Assessing association between IWantTheKit risk quiz tool and sexually transmitted infection positivity in male users for sexually transmitted infection screening

Anuj V. Patel, Charlotte A. Gaydos, Mary Jett-Goheen, Mathilda Barnes, Laura Dize, Perry Barnes, Yu Hsiang Hsieh

Research output: Contribution to journalArticlepeer-review

Abstract

Our previous pilot study during 2010–2013, based on the IWantTheKit (IWTK) home self-collection program for sexually transmitted infections (STIs), showed that voluntary risk score tool predicted STIs well in female volunteers compared to their male counterparts. Risk score became a required part of the IWTK program in August 2013. We investigated association of IWTK risk score and presence of STI in 592 male participants living in Maryland and Washington DC from August 2013 to April 2015. The risk score quiz includes questions on demographic and sexual risk behavior. Data were analyzed using the Cochran-Armitage test for trend to determine if prevalence of STIs (Chlamydia, gonorrhea, or trichomoniasis) increased with the higher risk score category. Overall, 57% of participants were aged < 30 years (mean: 30.1 ± 9.3 years); 42% white, 42% black, and 16% other races. The majority (67%) of participants had medium risk scores of 3–6, followed by high scores of 7–10 (22%), and 0–2 (11%). The overall prevalence of STIs was 10.5% (62/592). The prevalence of STIs was 3.1% for users with risk scores of 0–2, 10.4% for those with scores 3–6, and 14.3% for those with scores 7–10 (trend test: p = 0.019). Medium and high IWTK risk scores successfully predicted the probability of STIs in male participants after elimination of potential selection biases.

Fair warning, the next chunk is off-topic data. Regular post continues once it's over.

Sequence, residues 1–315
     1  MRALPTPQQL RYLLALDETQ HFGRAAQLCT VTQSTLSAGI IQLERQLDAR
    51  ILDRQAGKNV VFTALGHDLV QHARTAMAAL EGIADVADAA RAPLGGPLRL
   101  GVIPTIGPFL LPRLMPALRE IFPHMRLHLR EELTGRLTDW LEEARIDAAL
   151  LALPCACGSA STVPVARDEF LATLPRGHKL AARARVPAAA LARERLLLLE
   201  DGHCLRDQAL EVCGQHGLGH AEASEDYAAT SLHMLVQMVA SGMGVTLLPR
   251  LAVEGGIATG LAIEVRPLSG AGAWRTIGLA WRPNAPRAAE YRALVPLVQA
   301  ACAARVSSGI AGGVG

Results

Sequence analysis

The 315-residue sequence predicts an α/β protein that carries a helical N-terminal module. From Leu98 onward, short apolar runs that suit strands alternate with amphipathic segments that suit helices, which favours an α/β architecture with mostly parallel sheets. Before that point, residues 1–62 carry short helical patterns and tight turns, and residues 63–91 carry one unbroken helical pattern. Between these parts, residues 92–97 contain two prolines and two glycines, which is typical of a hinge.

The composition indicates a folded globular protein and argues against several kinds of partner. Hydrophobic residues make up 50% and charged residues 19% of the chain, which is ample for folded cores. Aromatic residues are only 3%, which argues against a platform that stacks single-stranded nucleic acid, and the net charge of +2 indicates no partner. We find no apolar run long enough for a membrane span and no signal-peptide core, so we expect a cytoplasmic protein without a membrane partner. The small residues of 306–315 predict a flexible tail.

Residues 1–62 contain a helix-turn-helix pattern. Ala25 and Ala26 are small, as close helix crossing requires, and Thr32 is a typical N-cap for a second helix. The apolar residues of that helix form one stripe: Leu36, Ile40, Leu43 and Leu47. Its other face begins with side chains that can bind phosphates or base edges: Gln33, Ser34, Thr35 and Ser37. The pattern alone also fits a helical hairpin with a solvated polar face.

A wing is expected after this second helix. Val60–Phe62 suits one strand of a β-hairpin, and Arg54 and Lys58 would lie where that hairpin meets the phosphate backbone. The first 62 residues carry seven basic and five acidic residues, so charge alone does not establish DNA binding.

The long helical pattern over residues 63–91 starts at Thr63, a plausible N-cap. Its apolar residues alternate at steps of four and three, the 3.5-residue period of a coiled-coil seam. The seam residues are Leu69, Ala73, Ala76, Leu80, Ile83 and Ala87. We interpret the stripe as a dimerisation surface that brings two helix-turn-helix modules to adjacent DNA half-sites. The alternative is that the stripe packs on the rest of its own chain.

Original languageEnglish (US)
Pages (from-to)122-127
Number of pages6
JournalInternational Journal of STD and AIDS
Volume29
Issue number2
DOIs
StatePublished - Feb 1 2018

Keywords

  • Chlamydia
  • Sexually transmitted infection screening
  • gonorrhea
  • internet-based recruitment
  • men
  • risk score
  • trichomoniasis

ASJC Scopus subject areas

  • Dermatology
  • Public Health, Environmental and Occupational Health
  • Pharmacology (medical)
  • Infectious Diseases

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